Women represent about half of Iran’s 61 million eligible voters. Although voter apathy is high among critics of the government, opposition to the hijab law and the morality police is no longer confined to them. It has transcended gender, religious, and class lines, and now some of the loudest complaints come from religious people and conservatives, the backbone of the government’s constituents.

During a live televised debate on Friday on social issues, women and the hijab dominated the four-hour event. The issue has also surfaced in campaign videos that appear to be targeting female voters and rallies in cities around the country.

In Isfahan, video from a rally for one candidate, Dr. Masoud Pezeshkian, showed an 18-year-old girl, her long black hair flowing around her shoulders, taking the microphone. She said she represented the young generation and first-time voters, the generation that stands up for its demands, and asked, “Do you have the power to confront the morality police, the hijab monitors and the autonomous security forces?”

Pezeshkian is the lone candidate for the reform faction, which favors more social openness and engagement with the West. He has been the most forceful voice against the mandatory hijab and the morality police, and the only candidate to clearly say he opposes telling anyone how to dress.

“We will not be able to force women to wear the hijab,” he said during the debate on Friday. “Will arrests, confrontations, and shameful behavior resolve this issue?”

Not all female voters are convinced that a change is coming. Even with the condemnations by the candidates, the morality police still patrol the streets around Tehran and other big cities daily with vans and police cars. They sometimes stop women and give them a verbal notice, and sometimes they arrest them. Several videos on social media have shown women being beaten and dragged into vans.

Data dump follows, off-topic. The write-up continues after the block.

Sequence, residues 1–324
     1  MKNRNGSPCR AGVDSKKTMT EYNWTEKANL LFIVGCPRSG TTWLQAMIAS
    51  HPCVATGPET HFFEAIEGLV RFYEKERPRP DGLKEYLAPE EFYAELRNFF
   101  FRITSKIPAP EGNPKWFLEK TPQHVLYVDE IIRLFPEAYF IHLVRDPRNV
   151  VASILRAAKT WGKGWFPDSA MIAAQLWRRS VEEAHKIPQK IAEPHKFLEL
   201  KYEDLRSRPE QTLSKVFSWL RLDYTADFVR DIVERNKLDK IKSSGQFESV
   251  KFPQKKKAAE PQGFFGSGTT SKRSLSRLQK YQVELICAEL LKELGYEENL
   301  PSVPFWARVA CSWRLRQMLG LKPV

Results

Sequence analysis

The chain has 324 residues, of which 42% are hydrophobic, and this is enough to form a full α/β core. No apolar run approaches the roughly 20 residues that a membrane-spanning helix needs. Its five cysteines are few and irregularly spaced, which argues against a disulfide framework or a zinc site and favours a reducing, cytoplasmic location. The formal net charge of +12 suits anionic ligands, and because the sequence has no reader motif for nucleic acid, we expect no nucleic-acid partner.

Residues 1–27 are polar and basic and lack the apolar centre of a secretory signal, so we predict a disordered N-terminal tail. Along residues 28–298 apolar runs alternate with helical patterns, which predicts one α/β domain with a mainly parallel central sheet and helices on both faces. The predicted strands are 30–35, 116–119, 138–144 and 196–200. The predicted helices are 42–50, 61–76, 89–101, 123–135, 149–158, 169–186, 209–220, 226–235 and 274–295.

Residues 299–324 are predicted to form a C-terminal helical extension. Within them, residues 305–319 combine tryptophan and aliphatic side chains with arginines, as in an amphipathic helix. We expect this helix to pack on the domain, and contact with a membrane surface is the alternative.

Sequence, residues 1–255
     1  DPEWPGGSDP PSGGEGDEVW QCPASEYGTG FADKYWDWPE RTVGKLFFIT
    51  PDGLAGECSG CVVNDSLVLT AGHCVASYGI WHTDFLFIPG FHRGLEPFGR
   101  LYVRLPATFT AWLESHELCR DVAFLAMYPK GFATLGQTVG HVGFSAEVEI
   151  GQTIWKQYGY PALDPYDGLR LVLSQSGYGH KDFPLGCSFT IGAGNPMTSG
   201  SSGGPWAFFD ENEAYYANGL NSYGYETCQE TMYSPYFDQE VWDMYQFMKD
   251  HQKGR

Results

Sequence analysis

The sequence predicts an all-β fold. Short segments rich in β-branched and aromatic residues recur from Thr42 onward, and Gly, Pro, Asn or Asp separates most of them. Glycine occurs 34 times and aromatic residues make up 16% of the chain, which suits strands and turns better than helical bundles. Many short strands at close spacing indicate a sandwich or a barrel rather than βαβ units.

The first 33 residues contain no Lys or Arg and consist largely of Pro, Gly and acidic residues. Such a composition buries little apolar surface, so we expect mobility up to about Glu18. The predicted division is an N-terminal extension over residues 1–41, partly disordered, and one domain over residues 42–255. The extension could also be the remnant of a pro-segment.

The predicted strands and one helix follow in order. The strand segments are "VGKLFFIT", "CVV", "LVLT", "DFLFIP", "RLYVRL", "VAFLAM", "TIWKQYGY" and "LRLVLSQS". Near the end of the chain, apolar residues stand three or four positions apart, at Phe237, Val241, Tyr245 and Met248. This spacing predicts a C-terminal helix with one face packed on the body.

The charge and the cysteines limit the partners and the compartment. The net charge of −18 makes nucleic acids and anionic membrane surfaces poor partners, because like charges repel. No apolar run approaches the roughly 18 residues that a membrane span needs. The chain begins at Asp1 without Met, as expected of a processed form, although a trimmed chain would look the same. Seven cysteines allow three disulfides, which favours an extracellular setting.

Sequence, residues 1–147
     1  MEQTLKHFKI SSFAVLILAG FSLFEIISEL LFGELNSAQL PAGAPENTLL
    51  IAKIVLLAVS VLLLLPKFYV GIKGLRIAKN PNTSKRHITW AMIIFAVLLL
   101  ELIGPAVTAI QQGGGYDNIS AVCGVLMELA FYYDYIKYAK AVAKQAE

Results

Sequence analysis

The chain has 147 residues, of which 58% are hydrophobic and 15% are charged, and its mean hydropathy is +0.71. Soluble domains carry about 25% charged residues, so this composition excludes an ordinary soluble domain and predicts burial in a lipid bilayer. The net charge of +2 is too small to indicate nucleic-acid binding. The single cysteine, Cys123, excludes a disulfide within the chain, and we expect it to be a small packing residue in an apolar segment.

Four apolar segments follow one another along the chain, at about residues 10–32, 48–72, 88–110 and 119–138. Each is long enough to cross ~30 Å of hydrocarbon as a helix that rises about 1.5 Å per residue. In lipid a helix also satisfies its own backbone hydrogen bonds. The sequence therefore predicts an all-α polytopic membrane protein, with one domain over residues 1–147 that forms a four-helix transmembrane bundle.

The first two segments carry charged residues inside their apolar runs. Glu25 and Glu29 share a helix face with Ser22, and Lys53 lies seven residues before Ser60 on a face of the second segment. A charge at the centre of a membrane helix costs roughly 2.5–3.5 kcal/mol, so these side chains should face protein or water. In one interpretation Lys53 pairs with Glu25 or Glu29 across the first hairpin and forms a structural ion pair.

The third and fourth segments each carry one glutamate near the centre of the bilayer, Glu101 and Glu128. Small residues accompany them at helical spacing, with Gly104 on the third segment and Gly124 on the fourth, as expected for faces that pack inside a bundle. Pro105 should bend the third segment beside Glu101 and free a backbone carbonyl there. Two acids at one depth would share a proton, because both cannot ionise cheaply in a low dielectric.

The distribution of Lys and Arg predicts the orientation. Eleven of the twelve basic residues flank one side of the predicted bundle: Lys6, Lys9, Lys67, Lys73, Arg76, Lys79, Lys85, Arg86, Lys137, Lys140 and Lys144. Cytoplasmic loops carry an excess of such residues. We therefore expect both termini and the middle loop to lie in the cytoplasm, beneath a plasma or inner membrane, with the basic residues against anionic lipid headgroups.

“I don’t believe them. The president has no authority over this issue because it’s a red line for the Islamic Republic,” Sephideh, a 32-year-old teacher from Tehran, said in a telephone interview, asking that her last name not be published to avoid possible retribution. “But in previous elections, the issue of hijab was abandoned, and now they are all talking about it,” she added, concluding that women’s struggle “will win.”

Fahimeh, a 41-year-old fashion blogger, said in an interview in Tehran that whoever becomes the next president would have no bearing on the fight for more rights. “We women don’t wait for their permission to remove our hijab; right now already, many don’t wear hijab.”

Narges Mohammadi, the Nobel Peace Prize laureate who is the most prominent women’s rights activist in Iran and currently serving a 10-year prison sentence, issued a statement on Saturday describing the election as a sham.

“How can you, while holding a sword, gallows, weapons and prisons against the people with one hand, place a ballot box in front of the same people with the other hand, and deceitfully and falsely call them to the polls?” Mohammadi said.

This article originally appeared in The New York Times.

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Farnaz Fassihi Leily Nikounazar